The more you scrutinize the processes and all affected points in the supply chain and their associated value, the greater the possibility of a final ROC meeting corporate goals. It’s also essential to understand that every CFO or controller will have a firm grasp on the cost of money to the business as well as specific time targets for the realization of return. Many of our clients have realization targets of around two years. This is a much shorter timeframe than 40 years ago, which was closer to five years.
As you begin the documentation process, be aware that you should specify downstream equipment to easily recover from an upstream accumulation release. Typically, designers require that downstream equipment outproduce the immediate upstream process by 10-20%. Furthermore, as you start to block layouts for new equipment, it may require an ongoing line balancing by determining and coordinating the takt time of each corresponding step, ensuring that each phase in the process is more or less in sync with the next.
Amazon Turns to AI to Weed Out Damaged Goods
The AI checks items during the picking and packing process. Goods are picked for individual orders and placed into bins that move through an imaging station, where they are checked to confirm the right products have been selected. That imaging station will now also evaluate whether any items are damaged. If something is broken, the bin will move to a worker who will take a closer look. If everything looks fine, the order will be moved along to be packed and shipped to the customer.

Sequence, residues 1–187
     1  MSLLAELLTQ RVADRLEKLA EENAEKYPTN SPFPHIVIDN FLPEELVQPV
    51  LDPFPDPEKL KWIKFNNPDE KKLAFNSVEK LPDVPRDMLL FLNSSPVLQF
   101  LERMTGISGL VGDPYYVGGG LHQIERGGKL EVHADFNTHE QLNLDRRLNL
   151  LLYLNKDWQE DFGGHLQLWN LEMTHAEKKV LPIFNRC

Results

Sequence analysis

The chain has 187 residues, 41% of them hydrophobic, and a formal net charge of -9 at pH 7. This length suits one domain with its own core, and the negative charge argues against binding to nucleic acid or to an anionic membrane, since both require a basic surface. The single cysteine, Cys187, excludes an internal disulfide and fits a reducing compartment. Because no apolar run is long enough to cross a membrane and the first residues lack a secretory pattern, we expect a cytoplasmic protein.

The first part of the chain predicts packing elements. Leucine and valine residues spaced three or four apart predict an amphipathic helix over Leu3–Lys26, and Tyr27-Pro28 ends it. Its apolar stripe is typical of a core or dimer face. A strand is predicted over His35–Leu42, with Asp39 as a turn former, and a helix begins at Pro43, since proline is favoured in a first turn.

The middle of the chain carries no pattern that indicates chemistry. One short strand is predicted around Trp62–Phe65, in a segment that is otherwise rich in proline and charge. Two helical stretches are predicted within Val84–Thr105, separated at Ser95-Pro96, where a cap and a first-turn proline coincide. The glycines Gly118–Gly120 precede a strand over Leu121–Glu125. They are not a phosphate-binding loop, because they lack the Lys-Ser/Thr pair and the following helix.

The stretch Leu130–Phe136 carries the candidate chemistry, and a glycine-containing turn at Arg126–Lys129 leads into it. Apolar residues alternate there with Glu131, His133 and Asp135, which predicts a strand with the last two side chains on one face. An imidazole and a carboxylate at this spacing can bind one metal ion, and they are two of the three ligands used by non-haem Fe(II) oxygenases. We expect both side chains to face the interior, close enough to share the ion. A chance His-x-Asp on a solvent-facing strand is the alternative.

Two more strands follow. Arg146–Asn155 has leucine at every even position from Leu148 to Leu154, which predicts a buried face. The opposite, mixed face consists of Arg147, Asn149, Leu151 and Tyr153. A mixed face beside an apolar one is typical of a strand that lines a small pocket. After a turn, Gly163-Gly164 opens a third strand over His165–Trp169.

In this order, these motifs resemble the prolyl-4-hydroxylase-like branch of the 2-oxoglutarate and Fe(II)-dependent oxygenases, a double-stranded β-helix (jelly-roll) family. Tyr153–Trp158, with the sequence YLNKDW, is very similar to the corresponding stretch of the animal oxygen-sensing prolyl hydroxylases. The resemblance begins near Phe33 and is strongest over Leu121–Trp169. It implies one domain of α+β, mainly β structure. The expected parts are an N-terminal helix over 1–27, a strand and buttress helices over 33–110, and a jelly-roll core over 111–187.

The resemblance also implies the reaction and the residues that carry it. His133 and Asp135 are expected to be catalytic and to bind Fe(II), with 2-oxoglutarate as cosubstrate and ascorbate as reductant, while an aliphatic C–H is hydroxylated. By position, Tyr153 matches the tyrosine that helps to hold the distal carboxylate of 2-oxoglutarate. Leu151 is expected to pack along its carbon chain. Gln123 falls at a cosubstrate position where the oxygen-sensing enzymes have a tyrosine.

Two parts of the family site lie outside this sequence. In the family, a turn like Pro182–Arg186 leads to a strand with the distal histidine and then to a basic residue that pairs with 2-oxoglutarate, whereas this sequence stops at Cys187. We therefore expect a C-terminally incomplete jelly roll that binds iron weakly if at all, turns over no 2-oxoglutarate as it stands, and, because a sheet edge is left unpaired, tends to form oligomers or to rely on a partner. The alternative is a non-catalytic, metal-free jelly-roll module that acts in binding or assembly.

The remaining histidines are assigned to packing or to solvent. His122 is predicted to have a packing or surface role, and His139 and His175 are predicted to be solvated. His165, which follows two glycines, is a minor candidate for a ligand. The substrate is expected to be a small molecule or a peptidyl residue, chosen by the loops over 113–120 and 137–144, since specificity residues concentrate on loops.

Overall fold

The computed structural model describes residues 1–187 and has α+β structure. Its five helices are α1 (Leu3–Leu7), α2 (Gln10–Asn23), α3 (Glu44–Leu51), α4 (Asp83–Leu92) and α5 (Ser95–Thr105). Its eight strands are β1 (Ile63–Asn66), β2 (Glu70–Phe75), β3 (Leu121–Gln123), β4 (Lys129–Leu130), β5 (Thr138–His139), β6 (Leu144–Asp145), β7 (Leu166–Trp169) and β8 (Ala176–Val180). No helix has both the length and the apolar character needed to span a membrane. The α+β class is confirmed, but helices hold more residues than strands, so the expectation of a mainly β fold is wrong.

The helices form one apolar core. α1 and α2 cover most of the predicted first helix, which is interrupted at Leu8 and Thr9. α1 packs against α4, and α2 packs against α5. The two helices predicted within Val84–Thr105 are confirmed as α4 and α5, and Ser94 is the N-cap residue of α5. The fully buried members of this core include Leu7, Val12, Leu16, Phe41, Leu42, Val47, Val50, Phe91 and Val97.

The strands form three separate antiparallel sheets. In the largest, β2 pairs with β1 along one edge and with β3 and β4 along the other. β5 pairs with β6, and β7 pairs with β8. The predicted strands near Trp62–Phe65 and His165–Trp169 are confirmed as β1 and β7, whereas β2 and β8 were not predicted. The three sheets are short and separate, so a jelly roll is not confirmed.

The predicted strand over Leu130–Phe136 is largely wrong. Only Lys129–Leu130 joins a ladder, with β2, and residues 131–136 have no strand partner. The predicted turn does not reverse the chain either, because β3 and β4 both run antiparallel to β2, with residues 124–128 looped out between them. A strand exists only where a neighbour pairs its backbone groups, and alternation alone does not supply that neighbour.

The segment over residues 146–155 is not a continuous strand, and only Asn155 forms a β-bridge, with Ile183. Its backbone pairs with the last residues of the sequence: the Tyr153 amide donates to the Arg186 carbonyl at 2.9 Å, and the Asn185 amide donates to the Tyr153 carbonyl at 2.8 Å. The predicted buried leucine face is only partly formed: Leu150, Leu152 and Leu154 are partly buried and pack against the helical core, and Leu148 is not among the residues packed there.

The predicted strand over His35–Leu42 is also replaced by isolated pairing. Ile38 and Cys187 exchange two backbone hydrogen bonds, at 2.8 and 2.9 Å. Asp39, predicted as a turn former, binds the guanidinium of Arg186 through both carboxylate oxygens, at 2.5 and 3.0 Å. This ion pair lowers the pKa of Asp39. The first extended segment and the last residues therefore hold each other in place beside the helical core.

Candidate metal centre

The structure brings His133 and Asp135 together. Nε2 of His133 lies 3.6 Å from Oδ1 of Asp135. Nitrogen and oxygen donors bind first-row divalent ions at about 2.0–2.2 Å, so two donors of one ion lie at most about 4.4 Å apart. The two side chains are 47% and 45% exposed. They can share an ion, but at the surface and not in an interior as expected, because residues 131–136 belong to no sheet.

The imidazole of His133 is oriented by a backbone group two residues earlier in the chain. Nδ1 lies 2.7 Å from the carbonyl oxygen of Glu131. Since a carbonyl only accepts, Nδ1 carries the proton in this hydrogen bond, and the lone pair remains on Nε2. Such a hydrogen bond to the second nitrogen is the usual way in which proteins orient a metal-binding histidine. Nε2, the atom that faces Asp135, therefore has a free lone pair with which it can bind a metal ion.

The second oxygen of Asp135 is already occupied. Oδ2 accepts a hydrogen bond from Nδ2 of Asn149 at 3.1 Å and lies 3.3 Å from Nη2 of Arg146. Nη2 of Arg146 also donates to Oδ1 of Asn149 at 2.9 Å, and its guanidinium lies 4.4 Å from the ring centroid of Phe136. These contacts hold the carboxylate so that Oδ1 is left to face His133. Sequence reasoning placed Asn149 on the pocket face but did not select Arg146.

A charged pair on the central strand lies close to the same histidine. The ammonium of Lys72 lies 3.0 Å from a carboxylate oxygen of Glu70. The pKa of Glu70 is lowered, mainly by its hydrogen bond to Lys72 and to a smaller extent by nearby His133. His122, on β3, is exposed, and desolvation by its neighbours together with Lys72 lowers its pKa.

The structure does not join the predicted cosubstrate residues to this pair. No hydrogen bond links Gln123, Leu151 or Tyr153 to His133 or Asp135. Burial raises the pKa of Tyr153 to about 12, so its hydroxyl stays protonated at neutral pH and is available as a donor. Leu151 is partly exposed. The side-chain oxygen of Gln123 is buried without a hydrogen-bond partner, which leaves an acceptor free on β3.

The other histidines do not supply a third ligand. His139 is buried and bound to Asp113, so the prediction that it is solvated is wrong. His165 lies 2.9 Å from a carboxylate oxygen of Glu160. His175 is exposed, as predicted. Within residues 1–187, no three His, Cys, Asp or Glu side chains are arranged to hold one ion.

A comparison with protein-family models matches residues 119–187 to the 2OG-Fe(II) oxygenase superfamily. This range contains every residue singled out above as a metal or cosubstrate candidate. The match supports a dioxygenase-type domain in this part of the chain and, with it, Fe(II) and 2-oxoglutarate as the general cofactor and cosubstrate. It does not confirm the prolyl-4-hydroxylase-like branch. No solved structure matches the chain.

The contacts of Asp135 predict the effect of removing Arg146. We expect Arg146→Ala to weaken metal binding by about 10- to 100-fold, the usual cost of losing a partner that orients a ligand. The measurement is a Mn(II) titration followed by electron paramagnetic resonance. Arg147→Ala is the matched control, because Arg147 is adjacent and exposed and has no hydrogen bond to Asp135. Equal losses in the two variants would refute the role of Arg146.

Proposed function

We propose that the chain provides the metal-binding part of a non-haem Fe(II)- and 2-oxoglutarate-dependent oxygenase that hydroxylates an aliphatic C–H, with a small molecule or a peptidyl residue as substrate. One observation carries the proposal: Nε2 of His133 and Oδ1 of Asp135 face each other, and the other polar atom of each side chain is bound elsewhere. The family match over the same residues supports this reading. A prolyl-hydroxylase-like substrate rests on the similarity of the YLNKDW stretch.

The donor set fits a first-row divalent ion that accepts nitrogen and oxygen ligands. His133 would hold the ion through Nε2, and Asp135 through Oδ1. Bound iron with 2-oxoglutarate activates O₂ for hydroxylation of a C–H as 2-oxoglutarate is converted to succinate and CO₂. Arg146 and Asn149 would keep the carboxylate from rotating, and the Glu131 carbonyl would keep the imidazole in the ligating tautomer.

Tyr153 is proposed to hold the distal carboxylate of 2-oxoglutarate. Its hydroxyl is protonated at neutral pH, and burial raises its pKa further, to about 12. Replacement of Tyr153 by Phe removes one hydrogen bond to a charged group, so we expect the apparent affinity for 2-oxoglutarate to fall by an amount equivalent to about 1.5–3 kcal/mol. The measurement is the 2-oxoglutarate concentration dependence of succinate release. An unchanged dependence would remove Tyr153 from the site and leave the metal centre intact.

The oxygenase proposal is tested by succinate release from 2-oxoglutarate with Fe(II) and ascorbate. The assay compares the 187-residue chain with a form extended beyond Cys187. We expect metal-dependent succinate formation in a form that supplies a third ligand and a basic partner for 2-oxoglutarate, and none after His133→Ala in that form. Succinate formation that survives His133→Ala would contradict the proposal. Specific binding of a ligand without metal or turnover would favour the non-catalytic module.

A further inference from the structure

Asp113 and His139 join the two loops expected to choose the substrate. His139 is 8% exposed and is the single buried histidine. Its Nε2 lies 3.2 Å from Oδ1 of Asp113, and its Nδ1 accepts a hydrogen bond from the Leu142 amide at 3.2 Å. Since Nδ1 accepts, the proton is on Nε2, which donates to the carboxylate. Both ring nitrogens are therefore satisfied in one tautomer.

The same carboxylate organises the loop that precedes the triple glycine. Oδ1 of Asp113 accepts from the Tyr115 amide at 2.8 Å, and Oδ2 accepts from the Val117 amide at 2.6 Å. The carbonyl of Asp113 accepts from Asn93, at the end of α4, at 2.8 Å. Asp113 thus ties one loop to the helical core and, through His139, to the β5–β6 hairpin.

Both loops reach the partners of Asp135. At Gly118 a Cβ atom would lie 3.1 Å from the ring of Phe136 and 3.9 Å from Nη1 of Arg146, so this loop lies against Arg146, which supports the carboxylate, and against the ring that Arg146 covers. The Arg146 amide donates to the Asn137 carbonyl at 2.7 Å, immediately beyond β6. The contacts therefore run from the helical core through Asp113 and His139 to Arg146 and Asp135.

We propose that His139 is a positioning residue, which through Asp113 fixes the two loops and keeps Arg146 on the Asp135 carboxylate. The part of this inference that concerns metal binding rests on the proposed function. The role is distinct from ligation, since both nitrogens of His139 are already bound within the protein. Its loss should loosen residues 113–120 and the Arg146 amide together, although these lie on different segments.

Amazon so far has implemented the AI at two fulfillment centers and plans to roll out the system at 10 more sites in North America and Europe. The company has found the AI is three times as effective at identifying damage as a warehouse worker, said Christoph Schwerdtfeger, a software development manager at Amazon.
Comau’s MATE-XT wearable exoskeleton supports ergonomic well-being at John Deere’s parts distribution center in Brazil
Comau has equipped John Deere with multiple MATE-XT wearable exoskeletons to help sustain worker well-being, alleviate physical stress and reduce the ergonomic risk within its parts logistics operations. MATE-XT accurately replicates all movements of the shoulder, helping employees perform their jobs comfortably by reducing muscle fatigue without limiting mobility or adding bulk. Its ergonomic design can be easily adjusted to fit different people with different body types – changing the length of the shoulder straps and the required level of assistance based on the worker or the job at hand is quickly achieved in a few simple steps. Working closely with John Deere to implement the exoskeleton within its daily operations, Comau provided a hands-on training course held at John Deere’s 75,000m2 parts distribution center in Campinas, in the state of São Paulo.
Even when working with small and lightweight objects, the apparently minimal effort of repeated manual movements can take a toll on the body. To help John Deere quantify the benefits of using MATE-XT, Comau performed an electromyographic analysis of the ergonomic risk factor. MATE-XT kept the muscle at a rest stage for 98.5% of the activity time (compared to only 2.4% of the time without MATE-XT).
Warehouse Software Automation to Robotic Automation: Choosing a Scalable Solution that Matches Your Pace
In the past, the logistics chain was much more straightforward; warehouses delivered the bulk products on pallets to stores, and then consumers would travel to stores to select and purchase the items. Today, eCommerce fulfillment workers need to access thousands of SKUs that are ordered in random quantities and combinations and at random times. At the same time, warehouses struggle to attract workers in the current labor shortage.